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Monday, 9 November 2015
Page: 7941

Goods and Services Tax


Senator KETTER (Queensland) (14:12): My question is to the Minister representing the Treasurer, Senator Cormann. Can the minister confirm that Treasury has modelled at least four options to increase the GST to 15 per cent and that these include fresh food, health and education? Minister, do all of these options assume that revenue from a GST increase will be fully offset by income tax cuts?


Senator CORMANN (Western AustraliaMinister for Finance and Deputy Leader of the Government in the Senate) (14:12): What I can confirm is that the federal government is working in good faith with the state and territory governments about common challenges that we are considering and about ways we can improve our tax system so that we can strengthen growth and opportunity across Australia. It is true that, at the request of state and territory governments, including state and territory Labor governments, the government is currently in a discovery phase, going through a process of identifying options and possible scenarios. That is what you would expect any good government to do. Would you like us to make decisions without collecting all of the information in order to make an informed judgement? We know that that is what the Labor Party did in government. We know that that was your modus operandi under the Rudd and Gillard governments. But this government actually works cooperatively with the state and territory governments. We engage in good faith with the state and territory governments about opportunities for reform, opportunities to strengthen the economy and opportunities to create more jobs, and of course we are talking about—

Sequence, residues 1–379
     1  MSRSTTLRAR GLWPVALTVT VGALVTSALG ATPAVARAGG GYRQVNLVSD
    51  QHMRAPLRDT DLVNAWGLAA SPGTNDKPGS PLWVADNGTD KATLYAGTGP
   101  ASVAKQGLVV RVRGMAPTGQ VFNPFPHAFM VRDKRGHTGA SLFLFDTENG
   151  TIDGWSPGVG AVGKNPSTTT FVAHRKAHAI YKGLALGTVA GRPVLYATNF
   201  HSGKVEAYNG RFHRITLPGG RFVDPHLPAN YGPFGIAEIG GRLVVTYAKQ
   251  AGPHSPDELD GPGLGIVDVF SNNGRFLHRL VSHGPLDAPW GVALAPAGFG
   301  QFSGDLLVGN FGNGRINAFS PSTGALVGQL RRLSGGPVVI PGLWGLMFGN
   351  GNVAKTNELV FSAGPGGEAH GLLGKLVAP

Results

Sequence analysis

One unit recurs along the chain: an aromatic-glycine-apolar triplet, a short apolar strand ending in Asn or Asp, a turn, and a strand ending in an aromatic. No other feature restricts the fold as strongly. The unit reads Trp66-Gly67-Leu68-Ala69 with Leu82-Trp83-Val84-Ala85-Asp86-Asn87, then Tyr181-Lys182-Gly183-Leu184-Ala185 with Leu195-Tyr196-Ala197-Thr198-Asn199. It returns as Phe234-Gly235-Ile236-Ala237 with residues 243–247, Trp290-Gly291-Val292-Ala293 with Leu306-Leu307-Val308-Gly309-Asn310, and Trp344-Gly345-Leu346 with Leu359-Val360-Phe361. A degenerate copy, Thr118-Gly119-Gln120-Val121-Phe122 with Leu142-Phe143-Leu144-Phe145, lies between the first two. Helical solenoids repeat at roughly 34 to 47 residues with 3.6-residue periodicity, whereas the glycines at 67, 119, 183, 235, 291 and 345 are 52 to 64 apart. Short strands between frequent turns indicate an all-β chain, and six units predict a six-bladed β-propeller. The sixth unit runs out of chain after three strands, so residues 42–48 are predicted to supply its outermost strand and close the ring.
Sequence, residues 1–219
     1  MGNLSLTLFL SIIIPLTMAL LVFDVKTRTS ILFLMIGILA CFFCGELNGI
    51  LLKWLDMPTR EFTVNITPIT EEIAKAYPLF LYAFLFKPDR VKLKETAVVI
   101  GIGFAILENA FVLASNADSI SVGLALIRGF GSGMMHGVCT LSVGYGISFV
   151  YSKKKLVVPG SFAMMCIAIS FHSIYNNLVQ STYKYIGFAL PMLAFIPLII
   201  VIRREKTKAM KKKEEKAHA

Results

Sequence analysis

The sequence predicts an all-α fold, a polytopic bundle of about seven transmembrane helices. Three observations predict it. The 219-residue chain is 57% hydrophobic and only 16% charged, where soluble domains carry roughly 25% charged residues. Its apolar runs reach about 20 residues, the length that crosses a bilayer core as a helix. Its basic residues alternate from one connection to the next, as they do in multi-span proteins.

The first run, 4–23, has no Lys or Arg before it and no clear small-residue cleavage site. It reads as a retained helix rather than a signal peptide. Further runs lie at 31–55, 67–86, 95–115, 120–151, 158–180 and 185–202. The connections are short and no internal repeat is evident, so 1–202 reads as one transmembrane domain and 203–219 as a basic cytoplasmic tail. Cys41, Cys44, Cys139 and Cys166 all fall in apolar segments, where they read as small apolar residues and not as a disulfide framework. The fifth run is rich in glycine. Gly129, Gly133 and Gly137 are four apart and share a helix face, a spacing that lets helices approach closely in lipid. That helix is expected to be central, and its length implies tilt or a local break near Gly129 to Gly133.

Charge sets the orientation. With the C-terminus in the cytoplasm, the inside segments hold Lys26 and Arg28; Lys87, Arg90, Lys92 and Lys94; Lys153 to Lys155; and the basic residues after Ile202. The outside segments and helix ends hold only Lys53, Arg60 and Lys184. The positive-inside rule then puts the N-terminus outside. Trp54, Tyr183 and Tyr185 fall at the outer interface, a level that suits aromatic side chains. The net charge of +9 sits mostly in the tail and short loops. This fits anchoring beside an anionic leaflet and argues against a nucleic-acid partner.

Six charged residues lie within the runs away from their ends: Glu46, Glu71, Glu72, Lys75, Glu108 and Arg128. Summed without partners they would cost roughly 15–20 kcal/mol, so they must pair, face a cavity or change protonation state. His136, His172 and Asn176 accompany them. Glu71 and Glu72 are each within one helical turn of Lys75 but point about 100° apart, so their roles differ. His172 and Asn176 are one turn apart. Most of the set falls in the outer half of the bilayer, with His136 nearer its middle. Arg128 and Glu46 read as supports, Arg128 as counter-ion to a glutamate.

The PRESIDENT: Pause the clock. Senator Moore, you have a point of order?

Senator Moore: Mr President, my point of order goes to direct relevance to the actual question. The second part of that question was clearly about whether the revenue from the GST increase will be fully offset by income tax cuts. The minister has ranged very widely in his answer but has not got to that particular question.